The second event that prompted David to make a change occured when he was moved up within Halifax – now a part of Lloyds banking group. He was working under a new line manager, who turned out to be obstructive and dissembling.
I remember being in a room with him while he’d held a conversation with another staff member. As soon as they left the room, his attitude to what they had been saying completely changed. I felt he was duplicitous, and dishonest, and I couldn’t work productively with someone as Machiavellian as he was.
Rather than struggle against his boss, David chose to leave the role, and was approached by Barclays to set up their Intermediary Division. This position meant building a whole new division from the ground up, while allowing him to commute from home. He described this time as one of the happiest and most successful in his life: under his leadership, the division became one of the biggest of its kind in the UK, and won numerous awards.
But David also had to cope with significant challenges, not least of which was dealing with the impact of the 2008 global financial crisis. He explained that in times like those, it is necessary to look at problems as opportunities, and take the initiative to put yourself and your team in a stronger position for the future.
I have always tried to make my own decisions, rather than waiting for a tap on the shoulder. Especially in times when financial institutions are trying to cut costs and reinvent themselves, I tried to recognise what needed to be done, and do it before someone told me to. I’ve always thought it was important to be proactive, rather than reactive.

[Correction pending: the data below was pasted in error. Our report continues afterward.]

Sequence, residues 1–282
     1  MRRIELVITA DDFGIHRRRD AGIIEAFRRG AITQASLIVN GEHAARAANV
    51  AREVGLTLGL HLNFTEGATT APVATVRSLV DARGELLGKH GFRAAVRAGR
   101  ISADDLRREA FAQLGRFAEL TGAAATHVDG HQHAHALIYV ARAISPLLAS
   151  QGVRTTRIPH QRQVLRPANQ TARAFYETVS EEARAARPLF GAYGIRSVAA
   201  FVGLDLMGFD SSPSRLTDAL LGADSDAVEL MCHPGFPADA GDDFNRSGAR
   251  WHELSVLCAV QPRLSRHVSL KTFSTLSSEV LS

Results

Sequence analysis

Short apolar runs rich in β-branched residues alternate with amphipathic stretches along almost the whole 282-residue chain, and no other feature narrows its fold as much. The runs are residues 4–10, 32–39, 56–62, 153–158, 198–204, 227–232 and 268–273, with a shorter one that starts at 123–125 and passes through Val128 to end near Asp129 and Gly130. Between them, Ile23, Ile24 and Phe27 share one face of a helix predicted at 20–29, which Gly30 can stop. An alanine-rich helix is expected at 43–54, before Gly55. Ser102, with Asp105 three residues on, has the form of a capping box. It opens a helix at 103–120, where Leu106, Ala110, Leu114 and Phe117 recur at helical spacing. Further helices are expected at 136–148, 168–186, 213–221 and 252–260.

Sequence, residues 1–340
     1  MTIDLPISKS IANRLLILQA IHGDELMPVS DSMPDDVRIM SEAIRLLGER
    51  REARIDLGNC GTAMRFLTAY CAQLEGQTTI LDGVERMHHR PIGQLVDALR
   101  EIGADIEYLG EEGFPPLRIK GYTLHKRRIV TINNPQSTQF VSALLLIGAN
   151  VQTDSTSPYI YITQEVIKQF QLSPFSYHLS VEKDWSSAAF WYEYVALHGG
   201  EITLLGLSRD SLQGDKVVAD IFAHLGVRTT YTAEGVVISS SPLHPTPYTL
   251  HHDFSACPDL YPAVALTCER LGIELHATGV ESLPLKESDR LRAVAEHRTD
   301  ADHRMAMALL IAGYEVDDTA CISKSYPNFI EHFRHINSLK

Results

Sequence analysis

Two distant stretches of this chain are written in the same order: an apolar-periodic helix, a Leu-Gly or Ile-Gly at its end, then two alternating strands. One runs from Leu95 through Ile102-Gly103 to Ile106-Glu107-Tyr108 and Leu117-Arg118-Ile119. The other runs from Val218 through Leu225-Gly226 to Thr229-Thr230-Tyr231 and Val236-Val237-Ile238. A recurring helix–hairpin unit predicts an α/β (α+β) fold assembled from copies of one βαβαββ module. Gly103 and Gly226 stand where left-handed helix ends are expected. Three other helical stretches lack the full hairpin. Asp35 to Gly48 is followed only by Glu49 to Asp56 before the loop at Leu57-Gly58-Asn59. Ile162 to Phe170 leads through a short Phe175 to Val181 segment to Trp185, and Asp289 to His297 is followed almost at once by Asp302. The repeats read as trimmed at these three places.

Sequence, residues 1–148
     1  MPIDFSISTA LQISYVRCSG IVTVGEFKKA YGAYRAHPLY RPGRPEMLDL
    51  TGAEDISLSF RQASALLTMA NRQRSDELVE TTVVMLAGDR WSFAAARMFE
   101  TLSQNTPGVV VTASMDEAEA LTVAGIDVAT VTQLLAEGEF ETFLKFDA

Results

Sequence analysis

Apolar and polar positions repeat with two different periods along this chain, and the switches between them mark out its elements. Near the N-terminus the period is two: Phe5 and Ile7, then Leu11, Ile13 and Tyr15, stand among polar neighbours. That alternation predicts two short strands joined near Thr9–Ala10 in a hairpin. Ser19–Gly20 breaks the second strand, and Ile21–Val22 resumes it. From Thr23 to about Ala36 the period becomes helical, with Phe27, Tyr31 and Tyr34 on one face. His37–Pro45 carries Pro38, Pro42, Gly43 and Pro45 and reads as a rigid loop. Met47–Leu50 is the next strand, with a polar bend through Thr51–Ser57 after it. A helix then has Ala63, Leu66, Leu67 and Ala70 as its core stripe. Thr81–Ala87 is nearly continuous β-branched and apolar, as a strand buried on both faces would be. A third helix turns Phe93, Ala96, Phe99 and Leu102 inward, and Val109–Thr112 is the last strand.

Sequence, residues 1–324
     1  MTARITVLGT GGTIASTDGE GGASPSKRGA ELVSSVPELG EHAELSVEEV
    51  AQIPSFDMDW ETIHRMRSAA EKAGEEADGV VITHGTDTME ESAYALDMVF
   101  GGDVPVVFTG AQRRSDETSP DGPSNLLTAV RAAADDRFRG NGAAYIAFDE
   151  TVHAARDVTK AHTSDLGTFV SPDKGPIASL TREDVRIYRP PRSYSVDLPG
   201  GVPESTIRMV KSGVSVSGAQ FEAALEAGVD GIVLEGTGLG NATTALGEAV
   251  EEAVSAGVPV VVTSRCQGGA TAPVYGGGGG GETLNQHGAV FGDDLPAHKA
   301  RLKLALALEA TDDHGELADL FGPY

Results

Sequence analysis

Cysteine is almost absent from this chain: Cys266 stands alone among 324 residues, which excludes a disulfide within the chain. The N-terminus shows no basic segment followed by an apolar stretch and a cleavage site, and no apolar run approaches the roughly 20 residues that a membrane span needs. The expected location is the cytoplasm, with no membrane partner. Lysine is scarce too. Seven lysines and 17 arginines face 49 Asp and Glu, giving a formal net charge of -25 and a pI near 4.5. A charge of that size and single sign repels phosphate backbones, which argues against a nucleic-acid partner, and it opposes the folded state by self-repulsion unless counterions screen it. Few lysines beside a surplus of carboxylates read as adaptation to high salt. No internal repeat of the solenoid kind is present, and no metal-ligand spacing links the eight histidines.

David’s role with Barclays took him all the way to 10 Downing Street, where he worked with the UK regulator – the Financial Conduct Authority – to examine how regulations would affect the market. He described this event as one of the highlights of his career. Yet for David, opportunity continued to call, even after fourteen fulfilling years with Barclays. He explained his decision to step down as Managing Director of the Intermediary Division:
I was at the stage where I was thinking, I’m 52 years old, I’ve realistically got five to seven years left of my working life left, am I going to keep doing what I’m doing? Or take the opportunity to go and do something else?
These days, David is offering his services as a management consultant. He has gone on to oversee a joint venture, and is relishing the opportunity to create something from scratch all over again. His advice to readers – especially those just starting out in their careers – is not to be afraid of the unknown:
Your career path might take you down routes you hadn’t originally thought of. Instead of being afraid of these changes, think of them as opportunities, and consider what they can give you.”
If fluctuations in your career appear ominous and frightening, it’s worth considering David’s reflections. His working life is proof that, with a shift in perspective and a proactive approach, you can turn changes and risk into opportunities and success.